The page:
The Manager for MySQL interface has been designed to hide the low level complexities of managing distributed DB systems in order to provide a simple and intuitive interface. Despite its simplicity, there are still different paths that users can take in trying to resolve the various situations that might arise during the lifetime of the DB system. Not all of these possible resolution choices are always appropriate or even valid. This runbook is designed to guide Manager for MySQL operators in taking decisions that follow the best practices when facing the most typical situations.
One of the key concepts to understand about the MySQL-EBS Database setup is that backups of the MySQL DB are saved as EBS snapshots. EBS volumes are created from a snapshot and are attached to a master/slave instance. When a MySQL server is terminated, the EBS volume is automatically detached and deleted. Therefore, all DB restorations are done using snapshots. Whereas volumes are not persistent, snapshots can be archived and help protect your data from being lost. Snapshots also make it easy to launch servers and populate the databases since the template will use the most recently saved snapshot (regardless of whether it's a master/slave) to restore a MySQL database. If you are setting up a MySQL-EBS deployment for the first time, a few extra steps are required in order to create the first snapshot. Once you have a snapshot, you can launch and deploy MySQL DB servers in a single step.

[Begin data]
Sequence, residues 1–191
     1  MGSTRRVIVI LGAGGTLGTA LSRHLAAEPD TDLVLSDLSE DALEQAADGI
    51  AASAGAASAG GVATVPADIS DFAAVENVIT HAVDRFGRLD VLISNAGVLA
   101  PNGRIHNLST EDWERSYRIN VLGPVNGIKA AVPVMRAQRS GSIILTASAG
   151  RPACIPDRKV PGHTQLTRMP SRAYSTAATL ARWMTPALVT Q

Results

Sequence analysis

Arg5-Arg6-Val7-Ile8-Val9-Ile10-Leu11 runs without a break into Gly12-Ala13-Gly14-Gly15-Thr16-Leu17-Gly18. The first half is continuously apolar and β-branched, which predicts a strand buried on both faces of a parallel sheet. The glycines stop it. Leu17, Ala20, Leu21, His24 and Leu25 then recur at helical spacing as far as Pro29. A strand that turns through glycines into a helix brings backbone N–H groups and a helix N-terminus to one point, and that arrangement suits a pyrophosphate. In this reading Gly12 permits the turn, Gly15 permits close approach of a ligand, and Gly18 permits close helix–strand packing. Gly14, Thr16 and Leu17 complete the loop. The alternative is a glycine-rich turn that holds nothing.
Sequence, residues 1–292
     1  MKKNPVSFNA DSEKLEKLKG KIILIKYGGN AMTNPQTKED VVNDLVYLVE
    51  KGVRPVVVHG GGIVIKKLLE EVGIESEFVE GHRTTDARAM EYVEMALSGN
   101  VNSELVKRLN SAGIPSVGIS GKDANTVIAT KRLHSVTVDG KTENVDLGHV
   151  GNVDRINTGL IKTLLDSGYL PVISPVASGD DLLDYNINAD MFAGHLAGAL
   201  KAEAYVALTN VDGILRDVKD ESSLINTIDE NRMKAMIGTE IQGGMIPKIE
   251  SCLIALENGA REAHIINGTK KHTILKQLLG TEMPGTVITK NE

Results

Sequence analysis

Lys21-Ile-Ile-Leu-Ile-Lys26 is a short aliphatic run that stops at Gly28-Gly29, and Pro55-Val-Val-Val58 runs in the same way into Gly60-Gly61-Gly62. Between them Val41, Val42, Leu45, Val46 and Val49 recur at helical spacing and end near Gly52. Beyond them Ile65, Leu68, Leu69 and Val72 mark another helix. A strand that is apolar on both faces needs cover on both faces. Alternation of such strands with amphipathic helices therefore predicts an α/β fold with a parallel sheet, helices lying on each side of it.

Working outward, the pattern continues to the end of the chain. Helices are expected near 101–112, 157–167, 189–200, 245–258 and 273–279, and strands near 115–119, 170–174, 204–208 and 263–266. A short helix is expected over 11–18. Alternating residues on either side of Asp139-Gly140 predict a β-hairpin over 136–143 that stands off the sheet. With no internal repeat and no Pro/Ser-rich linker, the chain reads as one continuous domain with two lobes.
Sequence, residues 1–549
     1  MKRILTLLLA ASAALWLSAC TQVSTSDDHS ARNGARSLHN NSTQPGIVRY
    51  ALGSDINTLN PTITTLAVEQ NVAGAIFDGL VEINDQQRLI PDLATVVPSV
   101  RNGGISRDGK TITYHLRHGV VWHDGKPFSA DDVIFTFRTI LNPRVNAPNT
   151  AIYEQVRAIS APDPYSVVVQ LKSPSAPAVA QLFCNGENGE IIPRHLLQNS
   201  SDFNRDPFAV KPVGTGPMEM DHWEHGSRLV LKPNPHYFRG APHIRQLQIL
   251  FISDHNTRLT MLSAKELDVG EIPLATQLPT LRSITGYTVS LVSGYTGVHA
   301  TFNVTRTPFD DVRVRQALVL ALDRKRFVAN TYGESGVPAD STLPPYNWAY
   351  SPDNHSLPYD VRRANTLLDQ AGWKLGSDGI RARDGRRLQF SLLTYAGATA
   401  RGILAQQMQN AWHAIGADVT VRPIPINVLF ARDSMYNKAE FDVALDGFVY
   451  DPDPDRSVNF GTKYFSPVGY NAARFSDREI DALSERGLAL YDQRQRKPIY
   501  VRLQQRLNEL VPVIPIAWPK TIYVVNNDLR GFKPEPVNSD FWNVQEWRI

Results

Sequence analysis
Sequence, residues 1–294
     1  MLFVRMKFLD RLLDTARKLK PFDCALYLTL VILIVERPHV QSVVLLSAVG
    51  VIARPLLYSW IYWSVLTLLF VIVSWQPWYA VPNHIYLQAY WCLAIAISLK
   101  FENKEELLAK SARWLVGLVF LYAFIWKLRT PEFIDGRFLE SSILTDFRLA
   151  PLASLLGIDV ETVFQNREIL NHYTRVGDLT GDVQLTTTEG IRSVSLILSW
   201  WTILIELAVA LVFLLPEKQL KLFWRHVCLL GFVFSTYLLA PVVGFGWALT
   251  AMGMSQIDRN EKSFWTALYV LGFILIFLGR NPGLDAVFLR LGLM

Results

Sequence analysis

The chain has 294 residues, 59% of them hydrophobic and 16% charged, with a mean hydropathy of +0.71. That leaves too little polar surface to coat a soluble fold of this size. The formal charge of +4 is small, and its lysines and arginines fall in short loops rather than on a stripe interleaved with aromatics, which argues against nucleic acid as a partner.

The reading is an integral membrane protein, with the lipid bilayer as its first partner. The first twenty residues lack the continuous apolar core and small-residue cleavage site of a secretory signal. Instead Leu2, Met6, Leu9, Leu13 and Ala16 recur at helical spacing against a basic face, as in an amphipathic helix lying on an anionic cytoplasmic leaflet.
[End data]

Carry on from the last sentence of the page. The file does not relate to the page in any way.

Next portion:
NOTE: A new snapshot will automatically be created once a new master/slave DB is launched or when a Slave-DB is promoted to master.
© 2006-2014 RightScale, Inc. All rights reserved.
RightScale is a registered trademark of RightScale, Inc. All other products and services may be trademarks or servicemarks of their respective owners.